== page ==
Investors will expect a detailed summary of the impact of COVID-19 on the business. Counterintuitively, this is a great opportunity to showcase investability, the strength of the management team, resilience to shock and the ability to adapt, evolve and survive. These are essential components investors look for. The COVID report should address: ●● Any immediate action you took to protect the business (eg. rent deals, furlough, adaptive working programmes for staff, VAT, PAYE, business rate deferrals, applications for CBILs, etc.). ●● How you adjusted your business model and working practices. This may still be evolving, but should be clear by the time you fundraise.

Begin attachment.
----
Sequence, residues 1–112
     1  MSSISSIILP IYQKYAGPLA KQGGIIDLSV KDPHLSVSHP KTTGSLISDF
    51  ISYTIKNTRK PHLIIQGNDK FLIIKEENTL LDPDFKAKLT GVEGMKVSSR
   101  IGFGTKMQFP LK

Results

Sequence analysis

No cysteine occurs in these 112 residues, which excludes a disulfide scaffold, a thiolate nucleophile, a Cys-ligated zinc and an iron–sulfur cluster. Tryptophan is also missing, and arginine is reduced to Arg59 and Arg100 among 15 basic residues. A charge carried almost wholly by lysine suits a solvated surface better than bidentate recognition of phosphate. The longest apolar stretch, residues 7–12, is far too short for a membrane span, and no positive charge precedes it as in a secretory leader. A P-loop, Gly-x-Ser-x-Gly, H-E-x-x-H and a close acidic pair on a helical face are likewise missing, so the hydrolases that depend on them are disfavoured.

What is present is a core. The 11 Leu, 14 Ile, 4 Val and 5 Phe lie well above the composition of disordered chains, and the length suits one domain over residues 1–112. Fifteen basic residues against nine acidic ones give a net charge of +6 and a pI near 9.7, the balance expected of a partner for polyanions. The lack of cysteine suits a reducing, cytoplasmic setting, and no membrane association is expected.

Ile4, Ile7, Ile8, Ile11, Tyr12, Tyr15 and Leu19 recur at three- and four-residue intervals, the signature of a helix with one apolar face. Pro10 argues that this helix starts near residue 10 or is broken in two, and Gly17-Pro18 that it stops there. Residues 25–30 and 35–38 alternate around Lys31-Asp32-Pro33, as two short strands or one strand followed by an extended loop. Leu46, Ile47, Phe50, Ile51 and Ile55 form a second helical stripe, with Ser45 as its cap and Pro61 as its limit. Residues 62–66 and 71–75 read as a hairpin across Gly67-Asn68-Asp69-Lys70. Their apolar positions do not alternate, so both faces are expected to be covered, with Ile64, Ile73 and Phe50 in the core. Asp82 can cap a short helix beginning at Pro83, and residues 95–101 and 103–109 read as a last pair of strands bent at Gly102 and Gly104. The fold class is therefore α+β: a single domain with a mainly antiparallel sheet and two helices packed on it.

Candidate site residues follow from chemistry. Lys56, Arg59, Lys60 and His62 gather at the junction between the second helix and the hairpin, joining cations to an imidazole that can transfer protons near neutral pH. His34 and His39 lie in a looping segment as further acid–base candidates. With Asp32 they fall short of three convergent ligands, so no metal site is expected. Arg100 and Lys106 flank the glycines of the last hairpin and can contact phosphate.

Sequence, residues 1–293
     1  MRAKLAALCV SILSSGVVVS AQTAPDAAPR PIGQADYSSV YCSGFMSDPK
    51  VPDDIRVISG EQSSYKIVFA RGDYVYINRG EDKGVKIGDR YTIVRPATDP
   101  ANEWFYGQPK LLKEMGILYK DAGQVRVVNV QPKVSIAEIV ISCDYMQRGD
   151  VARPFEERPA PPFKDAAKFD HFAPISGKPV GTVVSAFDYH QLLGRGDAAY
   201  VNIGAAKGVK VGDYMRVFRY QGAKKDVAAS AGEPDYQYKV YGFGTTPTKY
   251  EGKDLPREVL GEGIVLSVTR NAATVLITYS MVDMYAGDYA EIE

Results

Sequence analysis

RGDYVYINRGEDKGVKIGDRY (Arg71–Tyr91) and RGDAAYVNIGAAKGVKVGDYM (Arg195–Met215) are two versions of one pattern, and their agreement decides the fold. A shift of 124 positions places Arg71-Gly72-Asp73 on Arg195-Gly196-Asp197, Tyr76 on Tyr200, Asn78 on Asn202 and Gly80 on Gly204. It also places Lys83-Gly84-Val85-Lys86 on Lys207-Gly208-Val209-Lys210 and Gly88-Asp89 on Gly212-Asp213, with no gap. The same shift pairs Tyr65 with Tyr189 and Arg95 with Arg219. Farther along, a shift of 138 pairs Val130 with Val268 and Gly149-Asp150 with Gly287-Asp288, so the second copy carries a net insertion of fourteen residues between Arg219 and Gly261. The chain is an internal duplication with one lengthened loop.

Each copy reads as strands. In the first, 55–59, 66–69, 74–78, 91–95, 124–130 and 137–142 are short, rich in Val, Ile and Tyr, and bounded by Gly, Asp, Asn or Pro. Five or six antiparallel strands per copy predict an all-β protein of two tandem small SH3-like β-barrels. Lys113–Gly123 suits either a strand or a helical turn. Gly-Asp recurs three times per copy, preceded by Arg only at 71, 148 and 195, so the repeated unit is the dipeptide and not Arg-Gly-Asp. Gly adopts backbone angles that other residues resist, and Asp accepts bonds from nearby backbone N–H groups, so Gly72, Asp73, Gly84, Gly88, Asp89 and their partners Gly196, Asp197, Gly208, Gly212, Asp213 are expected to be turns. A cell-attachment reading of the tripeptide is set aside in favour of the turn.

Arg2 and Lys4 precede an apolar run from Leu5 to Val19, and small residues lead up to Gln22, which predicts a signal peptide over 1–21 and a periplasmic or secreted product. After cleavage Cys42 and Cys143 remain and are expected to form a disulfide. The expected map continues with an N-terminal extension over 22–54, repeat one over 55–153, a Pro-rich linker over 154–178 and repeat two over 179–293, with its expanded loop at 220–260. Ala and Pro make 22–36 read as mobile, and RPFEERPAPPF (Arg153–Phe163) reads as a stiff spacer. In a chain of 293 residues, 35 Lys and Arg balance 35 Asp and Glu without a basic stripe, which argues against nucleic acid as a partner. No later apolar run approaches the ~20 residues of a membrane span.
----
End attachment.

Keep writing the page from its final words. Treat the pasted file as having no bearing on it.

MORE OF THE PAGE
©Cybertrek 2020 July 2020




Fallout from the pandemic will see consolidation in the boutique market

●● Preparedness

for a second lockdown and ability to withstand further shocks. ●● Customer retention rates after reopening. Another key consideration will be the need to be realistic about the value of the business now. ‘Top of the market’, full valuation deals, with shareholders selling out completely, are unlikely to be seen for a while. However, less aggressive deal structures that offer investors some form of downside-protection and an element of shared risk will be most common. This may look unattractive on paper, but if it’s the price to be paid for securing funding to scale up and grow – and to build a war chest that allows the business to thrive and outperform competitors – it may prove to be a wise decision three to four years down the line.